Life, liberty, and the longevity of Aerosmith
What makes a badass rock-and-roll band? Maybe it’s high energy and impromptu guitar solos and an expert showman who can lead the crowd through a multi-hour jam session. Maybe it’s durability to withstand the fleeting trends of the musical world and longevity to keep playing hard through all the shifts in what's "popular." Maybe it has something to do with the Rock & Roll Hall of Fame’s origin story of the phrase “rock and roll,” which emerged as code for sex. Bottle up that energy, showmanship, longevity, and free-spirited sexuality and sure enough, you have one of the greatest and most badass rock bands of all-time: Aerosmith.
Aerosmith played their third and final Deuces Are Wild show at MGM National Harbor on Tuesday and gifted the intimate theater with a blowout of a performance that included smoke, lasers, balloons, confetti, sacrificial bras, Steven Tyler gyrating against the stage’s railing, and a dive into the band’s iconic catalogue.
Thirty minutes prior to showtime, a countdown clock ticked away and a video montage started playing, recapping the rich histories of the band and its five members. No opener led the way – openers aren’t needed when you have nearly 50 years of success under your belt. Once the clock struck 0, Aerosmith took the stage with “The Train Kept A-Rollin’,” a Tiny Bradshaw cover, and the spectacle began.
Live, Aerosmith are impassioned and even maniacal without compromise, feeding off the crowd while simultaneously providing such entertainment that they have the crowd wrapped around their finger come song two or three. By “Rag Doll,” Tuesday’s third song of the set, The Theater at MGM National Harbor’s fervor was fully unleashed, which only upped the band’s relentless energy.
“We love getting up on stage, we love rocking out, and we love being in front of an audience,” Tyler told the sell-out crowd.
The lead singer’s actions backed up his words, as he proved he’s still the ultimate showman, even at 71. Tyler sprinted around to jam in the face of every single band member, let out a massive belch into the mic, and squirted then threw his water bottle into the crowd. He ran through the floor seats, told the audience they weren’t drunk enough, and used his legendary vocal range and power as the driving engines behind crowd-favorites like “Livin’ on the Edge” and “Dude (Looks Like a Lady),” which triggered at least one bra thrown on stage.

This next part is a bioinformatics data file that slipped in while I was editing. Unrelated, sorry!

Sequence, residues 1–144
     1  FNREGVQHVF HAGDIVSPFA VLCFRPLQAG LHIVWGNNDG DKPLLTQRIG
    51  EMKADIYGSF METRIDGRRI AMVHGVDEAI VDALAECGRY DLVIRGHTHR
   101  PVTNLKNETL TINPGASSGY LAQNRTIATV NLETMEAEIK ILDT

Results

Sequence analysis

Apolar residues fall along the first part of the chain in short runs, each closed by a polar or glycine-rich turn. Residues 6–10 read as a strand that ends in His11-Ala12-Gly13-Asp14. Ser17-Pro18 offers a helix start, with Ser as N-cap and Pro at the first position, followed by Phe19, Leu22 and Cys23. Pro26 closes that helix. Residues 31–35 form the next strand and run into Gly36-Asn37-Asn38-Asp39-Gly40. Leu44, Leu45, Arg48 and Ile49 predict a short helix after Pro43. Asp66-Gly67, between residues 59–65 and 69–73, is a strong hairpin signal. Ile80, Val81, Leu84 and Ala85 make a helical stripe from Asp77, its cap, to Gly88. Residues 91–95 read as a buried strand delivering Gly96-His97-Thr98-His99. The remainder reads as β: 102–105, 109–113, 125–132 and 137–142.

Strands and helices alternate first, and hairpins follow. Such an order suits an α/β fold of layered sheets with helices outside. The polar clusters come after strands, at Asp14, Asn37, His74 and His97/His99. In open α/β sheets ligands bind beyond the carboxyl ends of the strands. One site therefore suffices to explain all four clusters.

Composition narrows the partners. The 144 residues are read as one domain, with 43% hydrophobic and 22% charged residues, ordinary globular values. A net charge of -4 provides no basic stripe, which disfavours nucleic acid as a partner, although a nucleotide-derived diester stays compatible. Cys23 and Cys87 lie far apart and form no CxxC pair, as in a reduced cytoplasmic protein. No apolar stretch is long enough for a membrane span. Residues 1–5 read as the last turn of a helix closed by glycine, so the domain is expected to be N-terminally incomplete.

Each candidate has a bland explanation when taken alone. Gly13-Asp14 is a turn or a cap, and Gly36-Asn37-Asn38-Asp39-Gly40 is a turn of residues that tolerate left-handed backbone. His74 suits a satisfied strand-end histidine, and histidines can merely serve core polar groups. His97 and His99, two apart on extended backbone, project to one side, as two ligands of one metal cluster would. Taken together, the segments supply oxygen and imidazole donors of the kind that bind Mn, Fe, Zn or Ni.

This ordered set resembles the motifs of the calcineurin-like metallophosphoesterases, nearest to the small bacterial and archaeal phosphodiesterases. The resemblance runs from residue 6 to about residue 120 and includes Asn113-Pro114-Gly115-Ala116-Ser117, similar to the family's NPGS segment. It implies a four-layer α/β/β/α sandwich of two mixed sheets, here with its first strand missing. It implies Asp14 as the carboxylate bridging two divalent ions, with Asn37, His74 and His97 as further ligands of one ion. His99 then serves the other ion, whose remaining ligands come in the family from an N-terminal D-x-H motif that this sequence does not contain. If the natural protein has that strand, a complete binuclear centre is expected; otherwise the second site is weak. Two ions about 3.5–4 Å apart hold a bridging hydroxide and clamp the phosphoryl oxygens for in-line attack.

Tyler’s larger-than-life demeanor gave the set sporadic explosions, but Joe Perry’s brilliance on guitar gave the set its steady burn. Perry used his guitar to essentially kick the audience’s ass in the best way possible, proving that no, his ability to shred has not diminished with time nor age. While the hits ignited the crowd, the night's best moment may have been Perry and Tyler taking seats on the stage’s catwalk to duel guitar and harmonica riffs before diving into “Hangman Jury.”
The band capped the night with “Dream On” and “Walk This Way,” and another moment of reflection reminiscent of the mini-documentary that preceded the show. Returning to stage for the two encore songs, Tyler recounted a moment from his teenage years when someone told him, “You want to be in a road band? Dream on, bitch!” Tyler then climbed on top of his piano to crush the 1973 hit, showing that his road band dreams are still alive and well, bitch.
Life, liberty, and the longevity of Aerosmith: three guarantees in this crazy world. How else can you explain a band that has been smashing sets since 1970, a band that boasts 18 platinum albums and 12 multi-platinum albums, a band that has won four GRAMMYs and received 14 nominations, a band that is getting ready to play its way into its 50th anniversary year? It’s a special rarity to see members of rock-and-roll history still living their dream, and the best part is there are no signs of Aerosmith’s slowing down.
Reviewed by Kayla Wilkinson, photos by Zack Whitford
The Train Kept A-Rollin' (Tiny Bradshaw cover)
Eat the Rich
Seasons of Wither
Stop Messin' Around (Fleetwood Mac cover)
Livin' on the Edge
Same Old Song and Dance
What It Takes
Love in an Elevator
Dude (Looks Like a Lady)
Toys in the Attic
Walk This Way